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@ianlancetaylor ianlancetaylor commented Jul 5, 2020

If you want to unwind from C++ back into Go you may want to try Although that will only help from the Go side, not the C++ side.

In principle we could hand write unwind information for asmcgocall. The unwind information is basically DWARF, and it should be powerful enough to express what asmcgocall does.

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@steeve steeve commented Jul 5, 2020

@ianlancetaylor thank you. The issue, on the iOS side, is that unwinding is done locally, on the device (presumably with libunwind), without DWARF. DWARF is only added later to symbolicate the crashes.

That said, it could be useful for Android (which uses breakpad with minidumps)

@cherrymui I tried that forsaken piece of code to, in order to call the backtrace method without cgo, and alas, the unwinding still stops before it somehow. This is based on the rustgo article:

TEXT ·backtracetrampoline(SB),0,$2048
    MOVQ SP, BX        // Save SP in a callee-saved registry
    ADDQ $2048, SP     // Rollback SP to reuse this function's frame
    ANDQ $~15, SP      // Align the stack to 16-bytes
    CALL backtrace(SB)
    MOVQ BX, SP        // Restore SP

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@cherrymui cherrymui commented Jul 6, 2020

@steeve Sorry, I'm not sure exactly what you're planning to do, and why go:systemstack is relevant here. go:systemstack only enforces the marked function must run on the system stack (i.e. cannot run on a goroutine stack). It doesn't change how stack switches work.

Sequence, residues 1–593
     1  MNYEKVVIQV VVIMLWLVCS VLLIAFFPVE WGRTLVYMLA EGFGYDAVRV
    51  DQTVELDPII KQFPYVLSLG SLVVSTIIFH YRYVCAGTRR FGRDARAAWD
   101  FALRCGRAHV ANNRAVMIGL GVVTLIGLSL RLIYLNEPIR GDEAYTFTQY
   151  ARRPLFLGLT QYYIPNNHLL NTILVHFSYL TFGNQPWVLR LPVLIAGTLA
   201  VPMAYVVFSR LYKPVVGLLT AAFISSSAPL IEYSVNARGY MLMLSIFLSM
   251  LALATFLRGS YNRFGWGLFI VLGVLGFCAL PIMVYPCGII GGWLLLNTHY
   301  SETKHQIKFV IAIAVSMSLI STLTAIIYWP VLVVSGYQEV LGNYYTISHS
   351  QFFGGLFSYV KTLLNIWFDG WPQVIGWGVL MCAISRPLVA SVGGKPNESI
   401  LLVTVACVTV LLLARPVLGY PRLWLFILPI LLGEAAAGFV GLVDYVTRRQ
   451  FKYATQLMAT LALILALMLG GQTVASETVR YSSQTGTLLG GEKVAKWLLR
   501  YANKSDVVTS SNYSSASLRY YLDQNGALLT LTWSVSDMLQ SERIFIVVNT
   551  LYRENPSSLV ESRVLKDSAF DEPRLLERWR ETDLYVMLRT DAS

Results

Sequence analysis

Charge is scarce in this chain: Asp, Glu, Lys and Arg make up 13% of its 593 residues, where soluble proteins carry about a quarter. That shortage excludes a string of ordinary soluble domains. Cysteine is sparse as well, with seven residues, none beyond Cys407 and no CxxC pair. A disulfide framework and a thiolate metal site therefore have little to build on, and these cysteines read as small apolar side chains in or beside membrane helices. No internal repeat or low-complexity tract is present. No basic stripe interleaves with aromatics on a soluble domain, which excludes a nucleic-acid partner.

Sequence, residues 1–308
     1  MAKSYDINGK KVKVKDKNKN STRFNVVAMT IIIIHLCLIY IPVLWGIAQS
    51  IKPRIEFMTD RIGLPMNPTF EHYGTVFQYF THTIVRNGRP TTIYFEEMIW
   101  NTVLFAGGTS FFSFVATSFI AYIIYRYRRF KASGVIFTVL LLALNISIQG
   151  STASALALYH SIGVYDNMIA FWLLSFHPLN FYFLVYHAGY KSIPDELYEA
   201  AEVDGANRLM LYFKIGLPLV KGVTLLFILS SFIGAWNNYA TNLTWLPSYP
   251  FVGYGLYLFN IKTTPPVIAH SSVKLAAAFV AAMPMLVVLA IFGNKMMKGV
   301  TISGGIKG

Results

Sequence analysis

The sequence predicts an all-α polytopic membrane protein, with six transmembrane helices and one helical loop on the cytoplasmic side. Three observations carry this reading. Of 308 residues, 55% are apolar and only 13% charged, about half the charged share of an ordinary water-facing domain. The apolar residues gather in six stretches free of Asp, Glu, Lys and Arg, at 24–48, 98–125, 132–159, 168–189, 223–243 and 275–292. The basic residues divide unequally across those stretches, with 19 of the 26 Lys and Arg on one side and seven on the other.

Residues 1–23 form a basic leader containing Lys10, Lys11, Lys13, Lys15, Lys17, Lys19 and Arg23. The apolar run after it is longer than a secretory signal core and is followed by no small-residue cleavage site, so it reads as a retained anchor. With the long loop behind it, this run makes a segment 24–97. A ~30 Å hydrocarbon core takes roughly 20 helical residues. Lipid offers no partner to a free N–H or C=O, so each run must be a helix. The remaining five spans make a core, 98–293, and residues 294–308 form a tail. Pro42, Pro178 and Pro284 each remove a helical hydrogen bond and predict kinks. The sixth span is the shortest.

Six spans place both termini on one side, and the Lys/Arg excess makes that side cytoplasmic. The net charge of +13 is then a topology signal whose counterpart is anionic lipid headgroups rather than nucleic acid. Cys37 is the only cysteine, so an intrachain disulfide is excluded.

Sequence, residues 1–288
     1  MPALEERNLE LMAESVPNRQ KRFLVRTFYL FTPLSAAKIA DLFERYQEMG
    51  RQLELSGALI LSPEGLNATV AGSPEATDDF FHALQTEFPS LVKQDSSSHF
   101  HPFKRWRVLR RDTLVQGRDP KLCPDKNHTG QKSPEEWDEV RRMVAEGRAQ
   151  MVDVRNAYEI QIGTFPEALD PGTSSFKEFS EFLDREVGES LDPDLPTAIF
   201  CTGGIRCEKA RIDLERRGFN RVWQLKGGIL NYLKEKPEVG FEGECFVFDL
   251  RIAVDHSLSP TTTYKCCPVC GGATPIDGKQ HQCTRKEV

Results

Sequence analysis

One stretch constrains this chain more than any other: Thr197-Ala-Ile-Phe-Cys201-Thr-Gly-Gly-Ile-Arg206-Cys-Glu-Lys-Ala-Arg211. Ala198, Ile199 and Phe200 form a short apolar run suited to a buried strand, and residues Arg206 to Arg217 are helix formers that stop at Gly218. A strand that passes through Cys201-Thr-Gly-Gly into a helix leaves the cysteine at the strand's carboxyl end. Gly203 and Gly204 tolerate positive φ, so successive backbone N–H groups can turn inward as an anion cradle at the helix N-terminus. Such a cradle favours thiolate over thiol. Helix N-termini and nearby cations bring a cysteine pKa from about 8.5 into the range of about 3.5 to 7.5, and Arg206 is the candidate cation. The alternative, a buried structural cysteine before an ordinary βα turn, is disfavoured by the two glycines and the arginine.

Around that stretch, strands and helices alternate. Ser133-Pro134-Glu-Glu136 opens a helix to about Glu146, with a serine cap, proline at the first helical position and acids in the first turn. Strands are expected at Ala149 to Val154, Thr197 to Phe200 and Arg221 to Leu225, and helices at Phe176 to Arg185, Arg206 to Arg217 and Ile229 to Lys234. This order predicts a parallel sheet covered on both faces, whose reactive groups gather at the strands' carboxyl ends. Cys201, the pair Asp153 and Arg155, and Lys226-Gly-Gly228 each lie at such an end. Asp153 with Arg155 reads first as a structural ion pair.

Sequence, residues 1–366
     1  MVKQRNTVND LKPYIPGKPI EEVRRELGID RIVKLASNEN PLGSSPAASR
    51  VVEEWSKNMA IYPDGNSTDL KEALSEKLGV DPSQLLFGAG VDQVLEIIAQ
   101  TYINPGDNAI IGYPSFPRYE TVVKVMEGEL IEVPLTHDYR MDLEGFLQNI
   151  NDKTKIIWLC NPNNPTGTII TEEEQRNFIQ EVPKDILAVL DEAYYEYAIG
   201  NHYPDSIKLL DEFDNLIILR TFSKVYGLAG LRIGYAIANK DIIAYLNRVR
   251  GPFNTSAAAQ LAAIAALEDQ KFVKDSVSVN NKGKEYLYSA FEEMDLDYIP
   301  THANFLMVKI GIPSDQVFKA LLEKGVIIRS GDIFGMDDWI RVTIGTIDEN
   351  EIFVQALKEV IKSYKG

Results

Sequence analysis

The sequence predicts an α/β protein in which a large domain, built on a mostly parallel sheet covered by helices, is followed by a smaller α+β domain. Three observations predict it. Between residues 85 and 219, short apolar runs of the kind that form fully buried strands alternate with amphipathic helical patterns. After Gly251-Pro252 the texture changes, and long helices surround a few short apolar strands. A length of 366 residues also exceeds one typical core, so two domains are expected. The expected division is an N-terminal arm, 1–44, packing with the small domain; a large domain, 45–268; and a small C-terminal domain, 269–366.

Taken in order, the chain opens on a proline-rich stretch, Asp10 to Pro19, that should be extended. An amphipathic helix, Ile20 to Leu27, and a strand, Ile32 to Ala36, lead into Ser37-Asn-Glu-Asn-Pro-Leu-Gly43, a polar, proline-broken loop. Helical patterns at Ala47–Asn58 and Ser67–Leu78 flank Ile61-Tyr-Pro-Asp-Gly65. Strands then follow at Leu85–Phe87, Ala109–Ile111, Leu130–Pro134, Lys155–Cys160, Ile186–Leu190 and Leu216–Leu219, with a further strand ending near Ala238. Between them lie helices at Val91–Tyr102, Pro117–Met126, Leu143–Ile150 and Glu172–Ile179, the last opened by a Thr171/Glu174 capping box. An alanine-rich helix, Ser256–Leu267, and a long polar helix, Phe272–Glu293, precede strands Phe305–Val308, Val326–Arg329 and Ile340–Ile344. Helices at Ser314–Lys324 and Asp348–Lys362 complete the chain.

Also, on what architecture? You mentioned iOS (presumably ARM64), but also AMD64 in your go env.

That said, does CL makes any difference (on ARM64)? Thanks.

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@steeve steeve commented Jul 6, 2020

@cherrymui Thank you for the CL, I wasn't hoping as much. Will definitely try and let you know.

My ultimate target is indeed iOS (and Android, to an extent).
Before trying to fix it on iOS though, I figure it'd be easier to reproduce on my computer (darwin/amd64), and since iOS uses libunwind, try to investigate it myself.
My other experiment in which I tried to call the method directly in the Go stack, is to try and narrow down if the frame pointer was trashed because of the stack switch itself.

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@gopherbot gopherbot commented Jul 6, 2020

Change mentions this issue: runtime: adjust frame pointer on stack copy on ARM64

@cagedmantis cagedmantis added this to the Backlog milestone Jul 6, 2020
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@ianlancetaylor ianlancetaylor commented Jul 6, 2020

@steeve libunwind unwinds the stack using the unwind information, which is not DWARF but is approximately the same format as a subset of DWARF. That's what I was referring to when I suggested that we could write unwind information for asmcgocall. (You can see the horrible details at

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@steeve steeve commented Jul 9, 2020

I just tried your CL @cherrymui on a real device, and unfortunately, when I pause inside XCode's, I only see the stack up to asmcgocall.

In my case I did put a time.Sleep() and the backtrace in XCode's lldb was:

    frame #0: 0x00000001889f2bc0 libsystem_kernel.dylib`__psynch_cvwait + 8
    frame #1: 0x00000001889151e4 libsystem_pthread.dylib`_pthread_cond_wait + 680
    frame #2: 0x000000010785d5e8 Zenly`runtime.pthread_cond_wait_trampoline + 24
    frame #3: 0x000000010785c4fc Zenly`runtime.asmcgocall + 204
    frame #4: 0x000000010785c4fc Zenly`runtime.asmcgocall + 204
  * frame #5: 0x000000010785c4fc Zenly`runtime.asmcgocall + 204

Note that on amd64, lldb manages to properly unwind.